Glycemic Index (GI) measures the effect of carbohydrates in food to our blood sugar. GI is scored based on a 0-100 scale, foods having a score above 70 is considered high in GI and should be consumed moderately. On the other hand, low GI foods have a score of 55 and below, while medium GI foods have a score of 56-69. Low GI foods are often referred to as “good carbs.”
Professor A. Vathsala from the National University Hospital stated that kidney failure cases in Singapore will continue to rise as long as diabetes is prevalent. Hence, eating foods with Low GI should be encouraged more as they lower the risk of such diseases. It has been also proven that a reduction in blood sugar helps one drop extra pounds. Good carbs such as oats and buckwheat are proven to be effective in curbing cravings. Try eating oatmeal for breakfast and avoid mid-day snacking!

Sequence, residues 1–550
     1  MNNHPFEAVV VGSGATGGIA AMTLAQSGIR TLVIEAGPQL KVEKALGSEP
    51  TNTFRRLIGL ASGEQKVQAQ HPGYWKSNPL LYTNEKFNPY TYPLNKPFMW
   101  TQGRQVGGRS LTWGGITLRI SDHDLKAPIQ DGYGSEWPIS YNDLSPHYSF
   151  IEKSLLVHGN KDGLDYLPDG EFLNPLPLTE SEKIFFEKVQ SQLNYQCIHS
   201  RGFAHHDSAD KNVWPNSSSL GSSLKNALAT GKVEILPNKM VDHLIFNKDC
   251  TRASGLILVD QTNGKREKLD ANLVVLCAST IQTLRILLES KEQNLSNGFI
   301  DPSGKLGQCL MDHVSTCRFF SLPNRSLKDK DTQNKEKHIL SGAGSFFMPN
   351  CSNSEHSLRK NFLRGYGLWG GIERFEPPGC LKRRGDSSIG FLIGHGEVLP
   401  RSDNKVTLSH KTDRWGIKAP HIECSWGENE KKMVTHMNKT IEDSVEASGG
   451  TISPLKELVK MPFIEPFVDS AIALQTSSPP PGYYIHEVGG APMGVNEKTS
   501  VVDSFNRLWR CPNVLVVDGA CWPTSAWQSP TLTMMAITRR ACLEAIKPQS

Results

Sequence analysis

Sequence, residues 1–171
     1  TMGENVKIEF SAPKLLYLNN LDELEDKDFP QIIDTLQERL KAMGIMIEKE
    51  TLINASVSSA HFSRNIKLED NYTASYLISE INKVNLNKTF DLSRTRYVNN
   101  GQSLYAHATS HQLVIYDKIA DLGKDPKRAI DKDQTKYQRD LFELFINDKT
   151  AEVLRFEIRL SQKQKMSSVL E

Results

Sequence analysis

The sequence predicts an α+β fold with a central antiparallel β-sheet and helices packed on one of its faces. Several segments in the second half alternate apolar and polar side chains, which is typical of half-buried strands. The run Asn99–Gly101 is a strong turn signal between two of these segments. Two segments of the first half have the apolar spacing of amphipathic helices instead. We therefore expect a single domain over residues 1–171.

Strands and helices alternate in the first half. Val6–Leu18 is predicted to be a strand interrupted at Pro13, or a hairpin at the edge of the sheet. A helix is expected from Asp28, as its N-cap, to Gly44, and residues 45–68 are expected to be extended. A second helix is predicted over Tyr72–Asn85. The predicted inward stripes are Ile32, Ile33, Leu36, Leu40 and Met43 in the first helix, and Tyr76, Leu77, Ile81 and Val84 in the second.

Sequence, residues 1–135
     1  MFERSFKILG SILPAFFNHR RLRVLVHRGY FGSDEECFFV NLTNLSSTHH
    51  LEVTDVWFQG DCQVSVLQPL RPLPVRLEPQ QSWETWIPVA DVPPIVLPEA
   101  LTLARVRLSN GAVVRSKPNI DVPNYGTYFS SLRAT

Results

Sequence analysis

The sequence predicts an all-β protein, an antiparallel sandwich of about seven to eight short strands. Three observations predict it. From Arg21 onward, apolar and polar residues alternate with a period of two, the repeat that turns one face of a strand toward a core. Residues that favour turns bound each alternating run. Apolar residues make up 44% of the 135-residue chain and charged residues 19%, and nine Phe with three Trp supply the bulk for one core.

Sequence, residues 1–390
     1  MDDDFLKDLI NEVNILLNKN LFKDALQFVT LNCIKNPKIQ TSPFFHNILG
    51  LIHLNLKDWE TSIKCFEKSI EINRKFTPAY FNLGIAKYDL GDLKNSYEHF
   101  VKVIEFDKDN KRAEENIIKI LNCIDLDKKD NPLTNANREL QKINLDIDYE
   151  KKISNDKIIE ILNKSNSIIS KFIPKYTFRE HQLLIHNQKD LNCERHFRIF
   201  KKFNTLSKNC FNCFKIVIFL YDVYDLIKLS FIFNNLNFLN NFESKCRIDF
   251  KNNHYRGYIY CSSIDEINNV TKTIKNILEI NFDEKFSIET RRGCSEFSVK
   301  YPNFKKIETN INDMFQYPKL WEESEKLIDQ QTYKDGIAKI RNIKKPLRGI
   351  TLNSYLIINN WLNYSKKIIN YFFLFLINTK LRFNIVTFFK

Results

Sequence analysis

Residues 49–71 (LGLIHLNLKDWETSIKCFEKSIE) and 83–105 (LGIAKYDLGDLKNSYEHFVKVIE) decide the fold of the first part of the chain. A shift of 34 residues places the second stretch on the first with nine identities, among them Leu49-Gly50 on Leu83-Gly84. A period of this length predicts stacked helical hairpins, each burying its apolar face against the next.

Mayo Clinic states that you might want to follow the GI Diet because you:
- Want to lose weight or maintain a healthy weight
- Need help planning and eating healthier meals
- Need help maintaining blood sugar levels as part of a diabetes treatment plan
Since it is important to be more cautious of our blood sugar levels, the Glycemic Index Diet has been introduced. The diet states that you should add more low-GI carbs to your meals, reduce intake of medium-GI carbs and mostly just nibble on high-GI carbs. Nevertheless, there is no strict guide to follow as the diet varies on the individual’s lifestyle and health condition. Here is an example of a Seven Day GI Plan.
Expert’s advice/limitations of GI:
Just because a certain type of food has low GI, does not mean that it should be consistently consumed. For instance, Low GI beverages such as whole milk can still cause someone to gain weight due to its high fat content.